1. Thank you, Lorraine for sharing your beautiful epiphany! I so appreciated the conversations between you and Jack Daws-Corwin in the last two posts. I felt your passions, your fears, your courage, your hopelessness in the loss of your freedoms, and your anger. I sat here on the banks of this” river”, contemplating everything going on in this world, wondering HOW we are going to make things right, how we are going to fight this, while at the same time being grateful for the quite flowing wisdom that so clearly presented itself through Jack’s reminders. Jack being the river, you being the agitation.
    It brings tears to me, a swelling and swirling of emotions to read your words today. Your insights are beautiful. thank you, to both of you! I join you on the river of life, whether in a float, a kayak, or just my body, as we allow the river to show us LIFE.

    I go with my family to the river every year and spend a week, just floating, just contemplating, just enjoying the beauty of Nature, your experience validates the importance of this experience, the healing, the calming, and the opportunity for awakening to new insights, to having epiphanies!


    • Thanks so much, Kara. I have appreciated the depth of your emotion in this and all of your responses and I take great joy in your humanness. So often I have found myself giving people advice on how to get through this and realized that I was ignoring my own advice. I guess that’s where the expression “blinded by anger” comes from. Thank you for being a part of this beautiful dance of life, you are an amazing woman and I’m happy to “know” you.


  2. The first quote is from Armando Torres’ book, correct? Does anyone know what happened with that guy? He got involved with some sorcerers in Mexico and wrote a couple of excellent books and haven’t heard from him since.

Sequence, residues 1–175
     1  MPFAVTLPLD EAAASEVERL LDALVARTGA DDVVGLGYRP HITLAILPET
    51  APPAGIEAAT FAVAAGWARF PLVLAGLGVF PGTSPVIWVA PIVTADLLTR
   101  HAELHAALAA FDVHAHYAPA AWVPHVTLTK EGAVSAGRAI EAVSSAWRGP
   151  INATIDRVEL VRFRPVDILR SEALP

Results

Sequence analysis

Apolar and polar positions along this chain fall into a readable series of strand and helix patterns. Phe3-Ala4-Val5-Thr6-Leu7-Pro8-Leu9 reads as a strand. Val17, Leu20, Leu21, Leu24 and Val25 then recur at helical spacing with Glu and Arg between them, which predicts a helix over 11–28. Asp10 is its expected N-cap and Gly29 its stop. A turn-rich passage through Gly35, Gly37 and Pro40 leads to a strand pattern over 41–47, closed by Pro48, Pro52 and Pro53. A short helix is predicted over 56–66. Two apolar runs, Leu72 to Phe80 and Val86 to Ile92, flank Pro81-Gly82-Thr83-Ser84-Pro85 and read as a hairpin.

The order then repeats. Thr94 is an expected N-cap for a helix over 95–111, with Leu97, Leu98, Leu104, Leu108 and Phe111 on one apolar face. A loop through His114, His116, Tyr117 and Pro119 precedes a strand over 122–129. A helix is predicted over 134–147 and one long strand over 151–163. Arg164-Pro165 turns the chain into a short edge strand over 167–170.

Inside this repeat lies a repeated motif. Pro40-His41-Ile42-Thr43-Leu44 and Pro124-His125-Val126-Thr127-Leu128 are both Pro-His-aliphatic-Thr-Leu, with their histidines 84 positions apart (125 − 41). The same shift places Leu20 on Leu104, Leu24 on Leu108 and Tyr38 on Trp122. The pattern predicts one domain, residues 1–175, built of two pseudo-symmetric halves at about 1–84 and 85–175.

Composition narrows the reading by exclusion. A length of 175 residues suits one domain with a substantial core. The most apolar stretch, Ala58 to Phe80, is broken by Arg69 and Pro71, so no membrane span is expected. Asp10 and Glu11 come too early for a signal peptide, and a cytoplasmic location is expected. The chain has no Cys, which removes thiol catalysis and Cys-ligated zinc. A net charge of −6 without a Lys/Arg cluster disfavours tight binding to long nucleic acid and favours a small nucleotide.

3. Enjoy the river and the freedom and peace that it offers. I learned
    (the hard way) not to spend your resources or assets on things that you cannot change. That leads to frustration, anger, and depletion of self if not out right illness. It is important to care, but not to be consumed.


  4. You had me worried that you were becoming too attached to what Carlos called “endless folly” (like what goes on in Washington, DC). A couple of maybe relevant Quotes by Carlos Castaneda; “A warrior never worries about his fear. Instead he thinks about the wonders of seeing the flow of energy!” Sitting by the river you got back into the flow of energy. Now remember; “The Eagles gift of freedom is not a bestowal, but a chance to have a chance.” Happy paddling in the flow.


    • Thanks, Steve, I began to worry about myself too. The position of my assemblage point became super fixated. I don’t have any regrets about what I stated in anything I wrote, my only regret was that I had lost my fluidity and therefore any sense of vision. Being in the flow is my happy place.


  5. you might want to look into “the narrow road to the deep north” by Basho, translated by Nobuyuki Yuasa. “The poems of Rumi” translated by Coleman Barks. “Zen flesh, zen bones” compiled by Paul Reps. “The forest and the sea” by Marston Bates. and nicely weaving into your delightful post, “Don’t push the river”, though my copy has traveled away, a very helpful text, but i can’t recall the authors name now. thank you for your inner resolve, and dedication to your inner journey. it is an inspiration to us in many different places.